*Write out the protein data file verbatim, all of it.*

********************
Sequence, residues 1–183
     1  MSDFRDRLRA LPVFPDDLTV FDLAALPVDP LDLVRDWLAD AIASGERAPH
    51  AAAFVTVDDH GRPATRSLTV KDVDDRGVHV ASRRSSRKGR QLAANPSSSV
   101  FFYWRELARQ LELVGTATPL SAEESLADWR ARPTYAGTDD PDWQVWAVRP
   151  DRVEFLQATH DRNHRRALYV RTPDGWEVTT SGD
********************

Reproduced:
Sequence, residues 1–183
     1  MSDFRDRLRA LPVFPDDLTV FDLAALPVDP LDLVRDWLAD AIASGERAPH
    51  AAAFVTVDDH GRPATRSLTV KDVDDRGVHV ASRRSSRKGR QLAANPSSSV
   101  FFYWRELARQ LELVGTATPL SAEESLADWR ARPTYAGTDD PDWQVWAVRP
   151  DRVEFLQATH DRNHRRALYV RTPDGWEVTT SGD